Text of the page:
public void setSyntaxFont(Map<String,Font> syntaxFontMap)

 

@Kirill

The font rendering is handled by JEditorPane itself, not in our code, And I think your font loading should works. If it is not working maybe you need to register that font into the GraphicsEnvironment eg:

java.awt.GraphicsEnvironment.registerFont(Font font) // as specified by Java API docs 1.6

 

KIYUT imagine, design, create ... http://www.kiyut.com

Tonny Kohar replied on Mon, 2008/02/11 - 6:49am in response to: Jose Maria Arranz

@Jose

If you are looking for Java and SVG, you might be interested to check out Apache Batik 

KIYUT imagine, design, create ... http://www.kiyut.com

Jose Maria Arranz replied on Mon, 2008/02/11 - 7:37am in response to: Tonny Kohar

Yes I know I know in fact I was talking about integrating Batik inside Lobo to render SVG, if Lobo is relicensed to GPL3 it can include Batik (GPL3 is compatible with Apache 2).

 

The Lobo Project replied on Tue, 2008/02/12 - 8:49am in response to: Jose Maria Arranz

Unfortunately, some parts of Lobo are third-party GPL or LGPL software, and those licenses are not compatible with GPLv3. It seems it would be difficult to upgrade to GPLv3.

Jose Maria Arranz replied on Tue, 2008/02/12 - 12:49pm

  Try to contact with them, migrating to GPL3 is not a radical change.

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Reginald Carter replied on Tue, 2009/11/24 - 6:21pm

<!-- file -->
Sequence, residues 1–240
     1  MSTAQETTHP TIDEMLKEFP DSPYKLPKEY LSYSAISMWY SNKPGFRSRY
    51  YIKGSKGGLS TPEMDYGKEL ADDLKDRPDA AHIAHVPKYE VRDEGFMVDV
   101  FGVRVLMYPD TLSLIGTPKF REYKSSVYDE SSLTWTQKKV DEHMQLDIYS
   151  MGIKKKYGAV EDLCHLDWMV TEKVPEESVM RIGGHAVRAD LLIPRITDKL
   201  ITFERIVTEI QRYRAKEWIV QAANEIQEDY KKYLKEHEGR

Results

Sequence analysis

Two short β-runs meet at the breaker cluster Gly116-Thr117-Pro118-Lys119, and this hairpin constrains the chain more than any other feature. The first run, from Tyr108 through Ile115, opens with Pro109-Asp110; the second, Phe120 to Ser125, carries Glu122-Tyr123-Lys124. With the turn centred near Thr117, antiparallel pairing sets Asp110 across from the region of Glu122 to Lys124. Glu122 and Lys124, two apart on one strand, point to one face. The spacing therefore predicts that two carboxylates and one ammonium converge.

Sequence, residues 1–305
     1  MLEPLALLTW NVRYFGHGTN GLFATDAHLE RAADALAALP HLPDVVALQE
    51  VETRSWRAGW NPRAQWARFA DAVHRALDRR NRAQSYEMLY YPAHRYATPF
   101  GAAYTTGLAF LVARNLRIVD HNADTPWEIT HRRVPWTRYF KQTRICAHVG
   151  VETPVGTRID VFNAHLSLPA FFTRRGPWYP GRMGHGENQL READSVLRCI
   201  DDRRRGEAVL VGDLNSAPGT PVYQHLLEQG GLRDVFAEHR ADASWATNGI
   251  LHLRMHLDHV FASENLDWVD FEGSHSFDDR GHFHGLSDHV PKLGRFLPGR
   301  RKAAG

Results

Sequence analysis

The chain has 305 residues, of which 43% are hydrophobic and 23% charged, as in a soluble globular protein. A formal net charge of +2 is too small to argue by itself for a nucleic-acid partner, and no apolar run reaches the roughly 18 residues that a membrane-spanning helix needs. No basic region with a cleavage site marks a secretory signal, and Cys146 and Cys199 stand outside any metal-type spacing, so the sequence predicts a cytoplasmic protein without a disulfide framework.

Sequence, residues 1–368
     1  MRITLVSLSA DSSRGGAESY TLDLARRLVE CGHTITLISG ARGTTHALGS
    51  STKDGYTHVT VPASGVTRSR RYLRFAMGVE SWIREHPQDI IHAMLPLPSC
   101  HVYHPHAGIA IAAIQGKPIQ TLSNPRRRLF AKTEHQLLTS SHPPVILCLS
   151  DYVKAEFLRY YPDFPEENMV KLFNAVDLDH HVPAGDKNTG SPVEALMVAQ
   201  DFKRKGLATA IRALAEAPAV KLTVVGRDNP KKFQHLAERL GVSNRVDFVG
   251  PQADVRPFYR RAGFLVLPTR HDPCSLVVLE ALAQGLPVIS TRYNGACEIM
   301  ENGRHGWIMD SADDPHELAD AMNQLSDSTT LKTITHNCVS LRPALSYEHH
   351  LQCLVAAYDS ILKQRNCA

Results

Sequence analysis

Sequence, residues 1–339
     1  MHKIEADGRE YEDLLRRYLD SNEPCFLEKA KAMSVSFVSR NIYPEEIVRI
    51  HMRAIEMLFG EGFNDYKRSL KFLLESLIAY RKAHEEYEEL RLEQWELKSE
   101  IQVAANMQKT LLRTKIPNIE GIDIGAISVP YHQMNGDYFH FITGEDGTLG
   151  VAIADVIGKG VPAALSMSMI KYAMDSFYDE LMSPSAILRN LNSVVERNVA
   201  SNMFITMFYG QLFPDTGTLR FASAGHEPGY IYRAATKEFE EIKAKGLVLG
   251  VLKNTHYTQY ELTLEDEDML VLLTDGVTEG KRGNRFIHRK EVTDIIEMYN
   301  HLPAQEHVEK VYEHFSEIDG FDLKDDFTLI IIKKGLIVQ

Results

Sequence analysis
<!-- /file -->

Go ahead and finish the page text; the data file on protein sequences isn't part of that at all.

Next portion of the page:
Hi- I am just starting to familiarize myself with Lobo and like your explanation for creating plugins that extend the browser's rendering capabilities.I decided to try using JavaEditorKit by Timothy Prinzing at Sun Microsystems.My ExtensionImpl.java looks like this:
package plugin;
import org.lobobrowser.clientlet.Clientlet;
import org.lobobrowser.clientlet.ClientletRequest;
import org.lobobrowser.clientlet.ClientletResponse;
import org.lobobrowser.clientlet.ClientletSelector;
import org.lobobrowser.ua.NavigatorExtension;
import org.lobobrowser.ua.NavigatorExtensionContext;
import org.lobobrowser.ua.NavigatorWindow;

public class ExtensionImpl extends org.lobobrowser.primary.ext.ExtensionImpl {
	private ClientletSelector selector;
	private JavaClientlet javaClient;
	@Override
	public void init(NavigatorExtensionContext ctx) {
        selector = new ClientletSelector() {

            public Clientlet select(ClientletRequest request, ClientletResponse response) {
                if (response.matches("text/java", new String[]{""})) {
                    javaClient = new JavaClientlet();
                    return javaClient;
                }
                return null;
            }

            public Clientlet lastResortSelect(ClientletRequest arg0, ClientletResponse arg1) {
                return null;
            }

    };

        ctx.addClientletSelector(selector);
}
	@Override
	public void destroy() {
		// TODO Auto-generated method stub